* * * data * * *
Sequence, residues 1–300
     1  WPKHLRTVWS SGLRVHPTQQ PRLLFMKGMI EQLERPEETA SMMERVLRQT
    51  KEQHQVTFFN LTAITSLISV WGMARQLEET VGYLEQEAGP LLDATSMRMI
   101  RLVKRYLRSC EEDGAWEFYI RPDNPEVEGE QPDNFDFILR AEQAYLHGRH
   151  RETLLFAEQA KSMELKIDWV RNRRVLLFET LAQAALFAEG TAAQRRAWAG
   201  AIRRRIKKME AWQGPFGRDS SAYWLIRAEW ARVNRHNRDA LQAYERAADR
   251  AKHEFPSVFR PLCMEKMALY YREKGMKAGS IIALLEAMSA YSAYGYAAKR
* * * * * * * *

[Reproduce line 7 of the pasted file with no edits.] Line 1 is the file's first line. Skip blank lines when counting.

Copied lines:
   251  AKHEFPSVFR PLCMEKMALY YREKGMKAGS IIALLEAMSA YSAYGYAAKR